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dc.creatorBelton, B.
dc.creatorPadiyar, A.
dc.creatorRavibabu, G.
dc.creatorRao, K.G.
dc.date.accessioned2018-08-03T06:50:44Z
dc.date.available2018-08-03T06:50:44Z
dc.date.issued2016
dc.identifierhttp://www.sciencedirect.com/science/article/pii/S0044848616312492
dc.identifier.citationAquaculture, online first 20 December
dc.identifier.issn0044-8486
dc.identifier.urihttps://hdl.handle.net/20.500.12348/559
dc.description.abstractIndia is the worlds second largest producer of farmed freshwater fish. The state of Andhra Pradesh (AP) is by far the most important producer of fish in India. Since the late 1970s, fish culture in AP has undergone a boom (first with Indian major carps, then pangasius), resulting in expansion of pond area to 142,000 ha, and massive increases in inland farmed fish production, to 1.5 million tons. Unregulated growth of carp farming has caused severe environmental conflicts, leading to the demolition of 39,000 ha of ponds by the state. Subsequently, the extreme growth of pangasius farm output has resulted in oversupply, economic crises for farmers, and major restructuring of the value chain. Despite its vast scale and dramatic consequences, the inland aquaculture boom in AP has received little attention in the international literature. This paper addresses this gap by analyzing changes in each segment of APs freshwater aquaculture value chain during four distinct phases of development (incubation, take-off, maturation and modernization). This analysis informs the wider literature by showing the role that interlinked transformations throughout the value chain play in enabling and shaping crop booms."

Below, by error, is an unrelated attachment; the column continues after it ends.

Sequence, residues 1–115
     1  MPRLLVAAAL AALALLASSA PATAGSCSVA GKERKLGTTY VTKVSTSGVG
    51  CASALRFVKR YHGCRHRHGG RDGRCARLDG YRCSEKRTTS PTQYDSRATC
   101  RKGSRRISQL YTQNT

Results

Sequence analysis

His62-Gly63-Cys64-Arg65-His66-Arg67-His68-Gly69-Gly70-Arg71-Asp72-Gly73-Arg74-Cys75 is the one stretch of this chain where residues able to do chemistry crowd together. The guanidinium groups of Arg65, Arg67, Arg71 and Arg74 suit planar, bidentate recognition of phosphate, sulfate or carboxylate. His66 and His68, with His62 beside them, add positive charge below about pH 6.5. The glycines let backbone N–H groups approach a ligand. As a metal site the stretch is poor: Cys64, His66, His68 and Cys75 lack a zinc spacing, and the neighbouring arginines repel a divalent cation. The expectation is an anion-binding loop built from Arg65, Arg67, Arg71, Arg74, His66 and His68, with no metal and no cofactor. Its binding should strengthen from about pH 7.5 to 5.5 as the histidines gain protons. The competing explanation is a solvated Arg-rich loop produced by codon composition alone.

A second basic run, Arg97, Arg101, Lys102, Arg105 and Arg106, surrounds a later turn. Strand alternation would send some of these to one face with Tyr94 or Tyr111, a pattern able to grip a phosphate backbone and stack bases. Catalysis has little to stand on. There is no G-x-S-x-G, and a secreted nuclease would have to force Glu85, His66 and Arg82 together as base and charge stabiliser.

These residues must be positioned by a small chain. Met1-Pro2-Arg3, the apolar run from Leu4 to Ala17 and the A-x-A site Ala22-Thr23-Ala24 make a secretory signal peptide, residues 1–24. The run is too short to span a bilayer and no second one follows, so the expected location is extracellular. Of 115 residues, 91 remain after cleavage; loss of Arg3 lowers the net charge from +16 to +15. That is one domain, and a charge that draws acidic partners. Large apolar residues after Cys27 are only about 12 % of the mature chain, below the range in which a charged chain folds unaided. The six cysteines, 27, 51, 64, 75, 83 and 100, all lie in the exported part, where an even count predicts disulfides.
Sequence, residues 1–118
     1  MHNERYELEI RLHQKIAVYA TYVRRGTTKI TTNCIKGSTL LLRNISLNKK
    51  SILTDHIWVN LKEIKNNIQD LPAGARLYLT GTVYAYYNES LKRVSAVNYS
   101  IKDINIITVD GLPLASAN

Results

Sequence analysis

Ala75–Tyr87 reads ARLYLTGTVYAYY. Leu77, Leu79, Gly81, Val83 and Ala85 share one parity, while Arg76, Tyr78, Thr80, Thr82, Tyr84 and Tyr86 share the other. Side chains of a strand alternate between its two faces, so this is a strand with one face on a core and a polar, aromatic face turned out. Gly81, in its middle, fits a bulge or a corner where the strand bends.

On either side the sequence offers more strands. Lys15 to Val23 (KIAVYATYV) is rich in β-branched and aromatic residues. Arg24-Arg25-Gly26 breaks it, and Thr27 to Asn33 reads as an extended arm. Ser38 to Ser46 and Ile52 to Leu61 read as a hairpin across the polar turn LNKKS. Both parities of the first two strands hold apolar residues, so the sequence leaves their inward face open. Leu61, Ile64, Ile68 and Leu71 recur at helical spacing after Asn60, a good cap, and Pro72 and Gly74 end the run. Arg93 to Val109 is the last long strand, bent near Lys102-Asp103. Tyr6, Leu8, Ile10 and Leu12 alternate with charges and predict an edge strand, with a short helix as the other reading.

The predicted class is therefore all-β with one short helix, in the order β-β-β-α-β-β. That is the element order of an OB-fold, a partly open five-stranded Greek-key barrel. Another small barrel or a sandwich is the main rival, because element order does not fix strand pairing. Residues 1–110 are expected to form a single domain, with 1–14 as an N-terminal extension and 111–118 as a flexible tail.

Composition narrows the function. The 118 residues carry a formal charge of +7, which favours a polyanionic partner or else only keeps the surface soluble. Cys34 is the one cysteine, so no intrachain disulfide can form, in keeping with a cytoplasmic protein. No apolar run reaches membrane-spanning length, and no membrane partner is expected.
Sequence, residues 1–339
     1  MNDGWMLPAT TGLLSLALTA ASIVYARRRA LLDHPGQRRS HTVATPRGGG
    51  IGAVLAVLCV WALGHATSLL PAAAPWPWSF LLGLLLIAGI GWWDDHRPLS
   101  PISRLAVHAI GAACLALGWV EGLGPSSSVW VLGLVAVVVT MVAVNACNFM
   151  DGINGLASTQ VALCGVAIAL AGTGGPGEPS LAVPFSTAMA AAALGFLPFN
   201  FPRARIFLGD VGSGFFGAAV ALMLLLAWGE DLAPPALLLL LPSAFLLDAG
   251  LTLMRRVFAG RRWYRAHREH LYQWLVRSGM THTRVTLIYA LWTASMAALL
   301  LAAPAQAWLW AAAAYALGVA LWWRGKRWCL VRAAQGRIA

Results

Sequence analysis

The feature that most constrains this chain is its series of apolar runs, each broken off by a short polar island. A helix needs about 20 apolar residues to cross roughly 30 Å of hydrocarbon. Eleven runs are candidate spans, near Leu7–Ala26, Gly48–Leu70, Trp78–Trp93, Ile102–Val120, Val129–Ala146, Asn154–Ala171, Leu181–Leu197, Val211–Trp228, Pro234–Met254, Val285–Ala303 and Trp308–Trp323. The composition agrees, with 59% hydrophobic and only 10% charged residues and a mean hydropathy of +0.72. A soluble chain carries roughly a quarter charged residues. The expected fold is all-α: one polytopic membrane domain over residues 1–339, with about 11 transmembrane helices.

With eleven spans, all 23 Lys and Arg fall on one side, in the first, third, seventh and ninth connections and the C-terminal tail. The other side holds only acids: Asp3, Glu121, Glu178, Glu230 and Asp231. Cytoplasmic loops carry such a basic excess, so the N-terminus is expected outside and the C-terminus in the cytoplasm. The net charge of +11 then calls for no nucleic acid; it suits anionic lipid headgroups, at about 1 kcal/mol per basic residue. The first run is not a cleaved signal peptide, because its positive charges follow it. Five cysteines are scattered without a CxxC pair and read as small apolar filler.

dc.formatapplication/pdf
dc.publisherElsevier
dc.sourceAquaculture
dc.titleBoom and bust in Andhra Pradesh: Development and transformation in India's domestic aquaculture value chain
dc.typeJournal Article
dcterms.bibliographicCitationBelton, B. et al. (2016). Boom and bust in Andhra Pradesh: Development and transformation in India's domestic aquaculture value chain. Aquaculture, online first 20 December
dc.description.versionPeer Review
cg.coverage.countryIndia
cg.coverage.regionAsia
cg.description.wfprogramsandthemesValue Chains and Nutrition
cg.description.wfprogramsandthemesSustainable Aquaculture
cg.identifier.worldfish4041
cg.subject.agrovocaquaculture
cg.subject.agrovocresearch
cg.subject.agrovocsupply chains
cg.contributor.affiliationMichigan State University, Department of Agricultural, Food and Resource Economics, USA
cg.contributor.affiliationWorldFish
cg.contributor.affiliationAquaculture Consultant, Padiyar Nivas, Main Road, Panemangalore 574231, Karnataka, India
cg.contributor.affiliationAquaculture Consultant, Narasapur, West Godavari District, Andhra Pradesh, India
cg.contributor.affiliationFaculty of Fisheries Science, Sri Venkateswara Veterinary University, Tirupati, India
cg.identifier.statusLimited access
cg.contribution.worldfishauthorBelton, B.
cg.description.themeValue chains and nutrition
dc.identifier.doi10.1016/j.aquaculture.2016.12.019
cg.identifier.urlhttps://doi.org/10.1016/j.aquaculture.2016.12.019


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